Shortly after suing, the law firm representing ICP submitted a request under the Freedom of Information Act to FBI Headquarters for all records regarding the investigation behind the FBI’s classification of Juggalos as a gang.

And this is where the FBI’s embarrassing response comes in.

In addition to McQuade’s admission that there actually was no FBI investigation behind the devastating “gang” classification, which allegedly led to endless unwarranted harassment of innocent Juggalos by law enforcement across the country, the U.S. Attorney lays out the shockingly willy-nilly information gathering that went into the 2011 federal gang report.

Here’s how McQuade describes the troubling functionality of the National Gang Intelligence Center, the FBI-established agency tasked with putting the report together:

“The NGIC receives gang-related information and intelligence from state, local, and other law enforcement partners on an ongoing basis. Based on the information and intelligence it receives in this regard, the NGIC identifies law enforcement trends to include in the bi-annual [National Gang Threat Assessment] reports.”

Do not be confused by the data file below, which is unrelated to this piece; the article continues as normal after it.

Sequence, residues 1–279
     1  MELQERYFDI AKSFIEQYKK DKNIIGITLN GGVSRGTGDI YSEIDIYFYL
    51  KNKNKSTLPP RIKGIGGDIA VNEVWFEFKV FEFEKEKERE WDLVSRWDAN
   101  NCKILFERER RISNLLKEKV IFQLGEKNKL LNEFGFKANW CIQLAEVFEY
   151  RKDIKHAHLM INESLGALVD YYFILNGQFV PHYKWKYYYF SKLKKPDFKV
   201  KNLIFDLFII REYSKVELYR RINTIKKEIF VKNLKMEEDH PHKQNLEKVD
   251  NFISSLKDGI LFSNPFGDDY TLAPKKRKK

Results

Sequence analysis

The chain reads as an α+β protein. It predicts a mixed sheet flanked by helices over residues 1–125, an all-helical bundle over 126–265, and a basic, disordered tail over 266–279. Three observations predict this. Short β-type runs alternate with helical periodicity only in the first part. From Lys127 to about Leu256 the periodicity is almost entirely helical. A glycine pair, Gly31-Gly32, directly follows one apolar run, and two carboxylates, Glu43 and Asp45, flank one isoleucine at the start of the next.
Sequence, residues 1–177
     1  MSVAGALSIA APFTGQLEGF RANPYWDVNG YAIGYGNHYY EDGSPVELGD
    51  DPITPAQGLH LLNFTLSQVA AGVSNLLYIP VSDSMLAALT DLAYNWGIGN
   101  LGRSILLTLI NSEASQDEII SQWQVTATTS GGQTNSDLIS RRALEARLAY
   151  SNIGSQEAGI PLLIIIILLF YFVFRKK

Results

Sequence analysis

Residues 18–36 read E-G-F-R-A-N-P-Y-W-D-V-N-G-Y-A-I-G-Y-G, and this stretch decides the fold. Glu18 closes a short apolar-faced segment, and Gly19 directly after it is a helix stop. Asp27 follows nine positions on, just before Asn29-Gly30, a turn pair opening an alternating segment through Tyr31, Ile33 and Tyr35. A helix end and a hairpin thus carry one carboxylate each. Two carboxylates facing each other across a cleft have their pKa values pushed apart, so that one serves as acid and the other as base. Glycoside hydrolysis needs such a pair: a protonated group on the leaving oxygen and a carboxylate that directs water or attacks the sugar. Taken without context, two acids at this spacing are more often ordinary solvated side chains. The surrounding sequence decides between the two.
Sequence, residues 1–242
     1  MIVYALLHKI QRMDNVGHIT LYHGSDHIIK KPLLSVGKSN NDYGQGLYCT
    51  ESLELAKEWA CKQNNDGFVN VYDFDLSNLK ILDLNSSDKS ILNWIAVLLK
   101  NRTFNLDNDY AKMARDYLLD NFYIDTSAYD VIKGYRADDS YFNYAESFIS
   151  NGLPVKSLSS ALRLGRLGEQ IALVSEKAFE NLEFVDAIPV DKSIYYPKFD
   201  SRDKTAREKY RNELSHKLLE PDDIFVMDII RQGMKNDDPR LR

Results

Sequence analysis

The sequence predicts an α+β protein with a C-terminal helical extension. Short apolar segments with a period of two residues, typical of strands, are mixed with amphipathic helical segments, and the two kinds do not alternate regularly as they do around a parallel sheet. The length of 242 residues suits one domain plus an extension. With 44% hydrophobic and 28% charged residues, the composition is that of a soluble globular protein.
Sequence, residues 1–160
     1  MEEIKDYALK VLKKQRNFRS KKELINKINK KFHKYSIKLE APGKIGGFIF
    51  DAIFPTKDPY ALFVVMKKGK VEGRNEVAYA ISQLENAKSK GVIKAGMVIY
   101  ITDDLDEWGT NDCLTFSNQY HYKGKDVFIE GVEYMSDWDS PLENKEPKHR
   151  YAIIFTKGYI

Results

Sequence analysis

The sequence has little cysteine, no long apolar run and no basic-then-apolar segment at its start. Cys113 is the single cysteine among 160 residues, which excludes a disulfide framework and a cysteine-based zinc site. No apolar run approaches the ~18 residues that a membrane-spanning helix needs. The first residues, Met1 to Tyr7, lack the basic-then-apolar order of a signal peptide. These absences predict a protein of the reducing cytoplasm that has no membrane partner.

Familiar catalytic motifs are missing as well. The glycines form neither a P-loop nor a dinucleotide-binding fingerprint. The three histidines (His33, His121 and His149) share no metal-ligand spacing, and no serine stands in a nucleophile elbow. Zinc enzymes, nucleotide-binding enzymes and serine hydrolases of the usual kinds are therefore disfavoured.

Ahem. “Trends.”

McQuade continues, “The purpose of the bi-annual reports is simply to report trends in intelligence and information that the NGIC receives from its law enforcement partners. It is not the purpose of the reports to affirm or negate the accumulated information and intelligence [emphasis added].”

In other words, according to McQuade, the National Gang Threat Assessment report, issued bi-annually under the banner of the FBI, is not obligated to provide verification for any of its unqualified, potentially reckless blanket statements — in this case, that a large population of mostly harmless social outcasts is a dangerous, criminal gang.

More troublingly, McQuade says the claims in the report are based exclusively on allegations from a relatively small number of disparate state and local law enforcement entities. According to the report, only 4 states even recognize the Juggalos as a gang (Utah, Arizona, Pennsylvania, Arizona).

McQuade writes, “The file [of Juggalo records] contained information from state and local law enforcement officials who reported that their jurisdictions did not officially recognize Juggalos as a gang, as well as information provided by state and local law enforcement officials whose jurisdictions recognized Juggalos as a gang.”

According to McQuade, only ONE local agency provided a police report about specific criminal activities involving Juggalos.

One.